The similes and metaphors in this make me wish I was a writer. You'd think they'd be cloying, or cliche and annoying, but really they make a lot of sense! And in the talking book I listened to, the reader never skipped a beat.

I want to get my hands on the other novels by this author, but my library seems to be missing talking book copies. Arg! I'll just have to wait, particularly with the number of novels waiting for my attention at the moment.

Saturday, 4 October 2014

Garth Nix - Grim Tuesday

Grim Tuesday
Garth Nix

Arthur thinks he's safe home in bed, busy undoing the sickness brought by Mister Monday's goons. Little does he know that the next minute his house will be for sale, and everything will be reclaimed by Grim Tuesday - unless he returns to The House.

Again, I'm rereading these in line with my girlfriend's brother. He's enjoying them, even if he is super slow at reading! I get through these novels in the space of around 1-2 hours, because they aren't particularly meaty.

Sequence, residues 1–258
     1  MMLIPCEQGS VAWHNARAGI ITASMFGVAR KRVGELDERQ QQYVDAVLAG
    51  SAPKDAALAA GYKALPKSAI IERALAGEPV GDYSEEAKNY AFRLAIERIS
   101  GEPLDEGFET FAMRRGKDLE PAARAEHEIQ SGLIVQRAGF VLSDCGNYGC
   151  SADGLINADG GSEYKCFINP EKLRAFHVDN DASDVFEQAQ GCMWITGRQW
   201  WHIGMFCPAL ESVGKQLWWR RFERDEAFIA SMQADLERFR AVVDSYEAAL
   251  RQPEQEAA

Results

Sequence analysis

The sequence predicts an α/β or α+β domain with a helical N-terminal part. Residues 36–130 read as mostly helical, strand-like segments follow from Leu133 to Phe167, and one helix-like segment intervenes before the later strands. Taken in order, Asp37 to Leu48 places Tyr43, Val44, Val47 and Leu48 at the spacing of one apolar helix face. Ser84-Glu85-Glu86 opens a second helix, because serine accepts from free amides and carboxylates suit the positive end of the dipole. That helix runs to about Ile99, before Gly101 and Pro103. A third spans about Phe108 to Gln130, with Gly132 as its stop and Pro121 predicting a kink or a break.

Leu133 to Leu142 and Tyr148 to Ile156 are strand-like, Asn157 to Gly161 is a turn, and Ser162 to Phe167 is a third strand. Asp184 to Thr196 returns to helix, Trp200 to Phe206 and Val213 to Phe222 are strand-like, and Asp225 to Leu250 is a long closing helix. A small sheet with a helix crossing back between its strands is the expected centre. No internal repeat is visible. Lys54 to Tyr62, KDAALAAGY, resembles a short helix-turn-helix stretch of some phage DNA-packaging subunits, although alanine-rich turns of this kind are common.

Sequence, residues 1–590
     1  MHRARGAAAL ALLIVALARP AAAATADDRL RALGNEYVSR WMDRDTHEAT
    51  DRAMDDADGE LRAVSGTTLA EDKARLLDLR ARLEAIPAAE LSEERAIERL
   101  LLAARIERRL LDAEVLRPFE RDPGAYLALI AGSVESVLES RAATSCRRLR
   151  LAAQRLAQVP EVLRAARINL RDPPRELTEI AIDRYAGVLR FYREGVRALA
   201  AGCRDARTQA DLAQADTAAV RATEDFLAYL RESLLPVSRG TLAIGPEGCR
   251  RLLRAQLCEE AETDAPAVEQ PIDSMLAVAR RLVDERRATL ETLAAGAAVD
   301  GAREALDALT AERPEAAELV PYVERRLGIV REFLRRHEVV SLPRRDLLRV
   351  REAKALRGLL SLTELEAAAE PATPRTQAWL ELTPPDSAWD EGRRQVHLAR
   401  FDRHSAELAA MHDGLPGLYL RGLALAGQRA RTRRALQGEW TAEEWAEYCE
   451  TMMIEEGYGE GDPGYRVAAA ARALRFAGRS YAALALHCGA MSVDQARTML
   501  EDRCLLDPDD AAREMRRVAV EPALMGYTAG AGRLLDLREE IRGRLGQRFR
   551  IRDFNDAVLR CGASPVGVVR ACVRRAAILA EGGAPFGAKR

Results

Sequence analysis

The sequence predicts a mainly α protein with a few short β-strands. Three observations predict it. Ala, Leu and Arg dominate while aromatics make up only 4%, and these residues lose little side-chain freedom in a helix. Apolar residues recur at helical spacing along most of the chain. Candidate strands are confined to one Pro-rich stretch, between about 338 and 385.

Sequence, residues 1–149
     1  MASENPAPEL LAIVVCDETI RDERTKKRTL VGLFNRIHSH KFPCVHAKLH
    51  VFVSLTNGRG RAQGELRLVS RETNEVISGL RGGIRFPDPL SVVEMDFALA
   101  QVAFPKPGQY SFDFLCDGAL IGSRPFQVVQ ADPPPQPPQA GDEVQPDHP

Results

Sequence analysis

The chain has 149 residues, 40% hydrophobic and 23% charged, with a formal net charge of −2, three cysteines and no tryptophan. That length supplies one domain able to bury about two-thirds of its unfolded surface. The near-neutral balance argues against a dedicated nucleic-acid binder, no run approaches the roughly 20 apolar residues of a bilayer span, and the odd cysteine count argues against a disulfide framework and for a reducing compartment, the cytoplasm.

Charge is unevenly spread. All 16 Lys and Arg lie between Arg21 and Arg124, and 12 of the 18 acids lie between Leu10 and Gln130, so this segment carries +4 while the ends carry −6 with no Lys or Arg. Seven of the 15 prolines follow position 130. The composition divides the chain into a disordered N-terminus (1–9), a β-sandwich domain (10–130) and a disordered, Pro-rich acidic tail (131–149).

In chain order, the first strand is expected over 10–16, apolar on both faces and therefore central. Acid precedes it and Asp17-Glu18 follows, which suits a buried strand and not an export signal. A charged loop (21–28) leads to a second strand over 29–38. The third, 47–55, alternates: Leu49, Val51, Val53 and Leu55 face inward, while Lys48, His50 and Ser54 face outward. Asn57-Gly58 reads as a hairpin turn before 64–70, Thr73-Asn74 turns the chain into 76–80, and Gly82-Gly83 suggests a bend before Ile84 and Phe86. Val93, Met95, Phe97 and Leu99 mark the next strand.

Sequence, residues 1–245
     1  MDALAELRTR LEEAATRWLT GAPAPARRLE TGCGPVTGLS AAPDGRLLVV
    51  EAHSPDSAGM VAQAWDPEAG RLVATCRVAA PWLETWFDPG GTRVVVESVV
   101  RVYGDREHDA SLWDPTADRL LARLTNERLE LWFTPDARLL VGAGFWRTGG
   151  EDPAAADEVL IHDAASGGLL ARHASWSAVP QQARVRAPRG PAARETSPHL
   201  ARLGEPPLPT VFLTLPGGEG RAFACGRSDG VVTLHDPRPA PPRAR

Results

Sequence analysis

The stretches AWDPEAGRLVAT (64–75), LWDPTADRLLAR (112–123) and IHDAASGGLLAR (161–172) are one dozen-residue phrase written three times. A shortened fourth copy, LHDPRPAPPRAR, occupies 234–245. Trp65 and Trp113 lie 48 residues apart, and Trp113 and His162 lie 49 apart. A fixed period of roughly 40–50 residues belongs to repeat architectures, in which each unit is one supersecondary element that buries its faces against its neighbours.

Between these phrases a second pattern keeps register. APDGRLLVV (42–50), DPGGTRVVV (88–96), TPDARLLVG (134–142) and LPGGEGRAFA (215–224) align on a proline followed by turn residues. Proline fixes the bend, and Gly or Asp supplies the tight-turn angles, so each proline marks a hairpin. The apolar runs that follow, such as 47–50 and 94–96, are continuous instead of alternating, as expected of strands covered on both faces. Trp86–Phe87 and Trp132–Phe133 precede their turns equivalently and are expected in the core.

Arthur is not the most brilliant of characters, and this is perhaps what makes him most endearing to teenage readers. He doesn't profess to be smart, and most of the time he's just wandering around trying to get himself out of mischief. Suzi Blue, his friend, is also trying to get him out of trouble. 

Again, action driven and best for those who don't want too much character development. It's aimed squarely at the reluctant reader.

The Will is so pompous! They are super annoying. I don't see why Arthur has to release the bits of Will in order to get to the gloves or anything else. Bugger the Will! Sunbear. Pah. Frog.